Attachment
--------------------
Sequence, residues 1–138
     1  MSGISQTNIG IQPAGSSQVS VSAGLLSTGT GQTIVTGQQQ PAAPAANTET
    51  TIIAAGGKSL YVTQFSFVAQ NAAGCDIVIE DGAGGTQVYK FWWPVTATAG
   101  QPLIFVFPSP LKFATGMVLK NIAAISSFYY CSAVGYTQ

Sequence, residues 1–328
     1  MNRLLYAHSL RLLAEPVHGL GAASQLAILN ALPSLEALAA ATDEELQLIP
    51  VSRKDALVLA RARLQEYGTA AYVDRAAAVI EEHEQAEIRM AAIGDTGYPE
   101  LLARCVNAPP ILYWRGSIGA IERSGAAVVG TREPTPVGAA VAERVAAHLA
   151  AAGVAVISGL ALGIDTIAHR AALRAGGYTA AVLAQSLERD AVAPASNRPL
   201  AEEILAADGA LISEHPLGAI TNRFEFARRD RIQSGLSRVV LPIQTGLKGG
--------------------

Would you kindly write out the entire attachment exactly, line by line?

Sequence, residues 1–138
     1  MSGISQTNIG IQPAGSSQVS VSAGLLSTGT GQTIVTGQQQ PAAPAANTET
    51  TIIAAGGKSL YVTQFSFVAQ NAAGCDIVIE DGAGGTQVYK FWWPVTATAG
   101  QPLIFVFPSP LKFATGMVLK NIAAISSFYY CSAVGYTQ

Sequence, residues 1–328
     1  MNRLLYAHSL RLLAEPVHGL GAASQLAILN ALPSLEALAA ATDEELQLIP
    51  VSRKDALVLA RARLQEYGTA AYVDRAAAVI EEHEQAEIRM AAIGDTGYPE
   101  LLARCVNAPP ILYWRGSIGA IERSGAAVVG TREPTPVGAA VAERVAAHLA
   151  AAGVAVISGL ALGIDTIAHR AALRAGGYTA AVLAQSLERD AVAPASNRPL
   201  AEEILAADGA LISEHPLGAI TNRFEFARRD RIQSGLSRVV LPIQTGLKGG